What Would It Mean If There Used To Be Life on Mars?
The primary mission for the Mars Science Laboratory (MSL) is to discover whether life has ever existed on the Red Planet. If signs of past life are found, the implications are going to be huge.
The universe is impossibly vast, and we are not even a pinprick on the known map of the cosmos. Tiny though it is, Earth is positively teeming with life in its many varied and wonderful forms.
If life can exist here, surely it must exist elsewhere out there?
It is a question that philosophers and scientists have pondered for centuries, but is one that very soon may have a definitive answer.
Life on Mars
Until now, we have only been able to speculate if life exists outside the confines of our own planet. Life has thrived here on planet Earth and even managed to exist in some of the most inhospitable and surprising conditions.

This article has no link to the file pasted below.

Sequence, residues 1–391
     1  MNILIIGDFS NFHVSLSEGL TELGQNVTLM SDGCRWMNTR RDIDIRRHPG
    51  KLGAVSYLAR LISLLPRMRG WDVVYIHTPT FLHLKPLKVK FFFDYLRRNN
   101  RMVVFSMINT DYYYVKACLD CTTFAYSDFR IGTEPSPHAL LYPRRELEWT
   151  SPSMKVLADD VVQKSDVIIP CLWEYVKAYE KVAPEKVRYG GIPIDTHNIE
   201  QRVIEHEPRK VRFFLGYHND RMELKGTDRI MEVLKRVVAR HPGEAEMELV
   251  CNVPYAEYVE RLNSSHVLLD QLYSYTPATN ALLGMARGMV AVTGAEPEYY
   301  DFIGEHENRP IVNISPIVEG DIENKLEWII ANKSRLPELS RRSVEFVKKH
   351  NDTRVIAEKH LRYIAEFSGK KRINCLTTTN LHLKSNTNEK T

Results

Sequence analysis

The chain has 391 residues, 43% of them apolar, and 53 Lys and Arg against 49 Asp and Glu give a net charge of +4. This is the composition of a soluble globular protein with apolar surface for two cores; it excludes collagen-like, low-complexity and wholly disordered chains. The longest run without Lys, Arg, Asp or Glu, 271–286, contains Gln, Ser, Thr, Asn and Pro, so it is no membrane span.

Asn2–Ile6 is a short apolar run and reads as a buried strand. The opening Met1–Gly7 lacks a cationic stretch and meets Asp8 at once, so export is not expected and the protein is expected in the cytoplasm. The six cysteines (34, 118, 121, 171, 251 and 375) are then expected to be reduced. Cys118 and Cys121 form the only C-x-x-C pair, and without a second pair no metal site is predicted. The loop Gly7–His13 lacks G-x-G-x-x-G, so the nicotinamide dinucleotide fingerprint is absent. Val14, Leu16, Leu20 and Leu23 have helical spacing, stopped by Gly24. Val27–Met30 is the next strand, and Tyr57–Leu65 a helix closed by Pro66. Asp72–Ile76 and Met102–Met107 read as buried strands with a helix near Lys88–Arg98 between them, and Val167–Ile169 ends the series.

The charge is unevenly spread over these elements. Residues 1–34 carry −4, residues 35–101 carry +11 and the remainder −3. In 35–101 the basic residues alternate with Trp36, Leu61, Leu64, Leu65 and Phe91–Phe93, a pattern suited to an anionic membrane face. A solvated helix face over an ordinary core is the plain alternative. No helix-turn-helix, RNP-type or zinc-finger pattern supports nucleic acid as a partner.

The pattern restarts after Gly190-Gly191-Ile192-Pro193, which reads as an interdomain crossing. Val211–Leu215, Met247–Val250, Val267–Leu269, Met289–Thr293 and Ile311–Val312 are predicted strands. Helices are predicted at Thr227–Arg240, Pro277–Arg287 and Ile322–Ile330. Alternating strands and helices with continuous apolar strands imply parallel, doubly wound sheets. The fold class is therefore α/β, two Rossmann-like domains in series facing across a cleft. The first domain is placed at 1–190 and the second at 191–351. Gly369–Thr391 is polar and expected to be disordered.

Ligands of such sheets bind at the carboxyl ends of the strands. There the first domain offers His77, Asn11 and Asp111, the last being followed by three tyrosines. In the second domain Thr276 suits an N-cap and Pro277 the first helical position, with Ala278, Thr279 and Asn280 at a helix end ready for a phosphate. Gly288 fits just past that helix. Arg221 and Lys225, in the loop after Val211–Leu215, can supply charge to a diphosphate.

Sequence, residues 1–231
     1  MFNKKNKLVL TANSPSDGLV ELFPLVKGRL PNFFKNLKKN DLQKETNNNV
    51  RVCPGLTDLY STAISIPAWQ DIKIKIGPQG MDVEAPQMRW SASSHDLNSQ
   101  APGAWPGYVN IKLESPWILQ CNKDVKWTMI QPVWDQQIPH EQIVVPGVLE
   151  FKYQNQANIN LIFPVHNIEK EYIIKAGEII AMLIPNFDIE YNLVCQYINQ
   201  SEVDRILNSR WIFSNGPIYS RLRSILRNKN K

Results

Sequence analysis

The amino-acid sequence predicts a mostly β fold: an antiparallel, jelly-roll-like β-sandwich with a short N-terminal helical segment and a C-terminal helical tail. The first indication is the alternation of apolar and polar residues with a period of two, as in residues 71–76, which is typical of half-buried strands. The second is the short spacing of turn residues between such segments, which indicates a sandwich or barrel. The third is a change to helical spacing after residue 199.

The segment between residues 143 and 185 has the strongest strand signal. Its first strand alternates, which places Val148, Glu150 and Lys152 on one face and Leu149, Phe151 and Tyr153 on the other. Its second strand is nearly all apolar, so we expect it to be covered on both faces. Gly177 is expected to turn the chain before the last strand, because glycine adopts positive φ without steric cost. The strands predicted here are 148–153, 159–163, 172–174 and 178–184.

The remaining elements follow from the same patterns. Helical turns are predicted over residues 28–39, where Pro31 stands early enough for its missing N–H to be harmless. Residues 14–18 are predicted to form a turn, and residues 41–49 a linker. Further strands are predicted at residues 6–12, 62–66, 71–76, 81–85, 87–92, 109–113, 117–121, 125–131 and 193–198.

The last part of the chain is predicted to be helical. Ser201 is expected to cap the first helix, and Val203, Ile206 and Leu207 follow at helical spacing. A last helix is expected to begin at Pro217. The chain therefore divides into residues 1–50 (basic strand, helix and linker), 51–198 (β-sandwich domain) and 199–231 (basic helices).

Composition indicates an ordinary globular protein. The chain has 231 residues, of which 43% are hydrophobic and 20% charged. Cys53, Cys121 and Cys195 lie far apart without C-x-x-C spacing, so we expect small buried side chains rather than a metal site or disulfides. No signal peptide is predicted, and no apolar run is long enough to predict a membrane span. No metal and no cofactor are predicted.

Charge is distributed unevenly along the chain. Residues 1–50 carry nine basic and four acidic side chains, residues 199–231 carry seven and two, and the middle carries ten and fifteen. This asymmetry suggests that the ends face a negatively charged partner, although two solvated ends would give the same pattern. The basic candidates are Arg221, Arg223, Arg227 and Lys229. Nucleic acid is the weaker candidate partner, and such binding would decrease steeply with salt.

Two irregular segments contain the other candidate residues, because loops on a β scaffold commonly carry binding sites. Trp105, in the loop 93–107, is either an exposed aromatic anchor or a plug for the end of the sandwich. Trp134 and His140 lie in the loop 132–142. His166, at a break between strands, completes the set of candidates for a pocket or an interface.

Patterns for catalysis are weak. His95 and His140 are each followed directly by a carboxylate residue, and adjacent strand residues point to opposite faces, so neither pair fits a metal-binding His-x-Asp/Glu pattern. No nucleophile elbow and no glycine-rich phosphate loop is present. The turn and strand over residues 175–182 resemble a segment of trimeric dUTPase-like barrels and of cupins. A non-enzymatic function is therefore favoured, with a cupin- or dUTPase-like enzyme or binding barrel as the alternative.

“Extremophiles” are micro-organisms that can be found living in extreme conditions, such as in deep hydrothermal vents and have even been found in nuclear reactors. That life can exist in such harsh environments, be it in highly acidic or in extremely hot or cold locations, is a testament to exactly how adaptable life can be.
Despite that abundance of life here on Earth, no one really knows for sure if that is because our planet is unique and the conditions here are perfect for it to flourish, or that life is in fact common everywhere in the Universe.
Single-cell micro-organisms might not sound very exciting, but when put in the context of our own evolution on this planet, finding evidence of such an organism on Mars would change everything we know about our ourselves and our place in the universe.
Far from being unique and alone, we would be part of one infinitely large universal community. Granted, not all planets or moons would be playing host to intelligent and sentient life as we know it, but if we can evolve from such small beginnings, so too could others.
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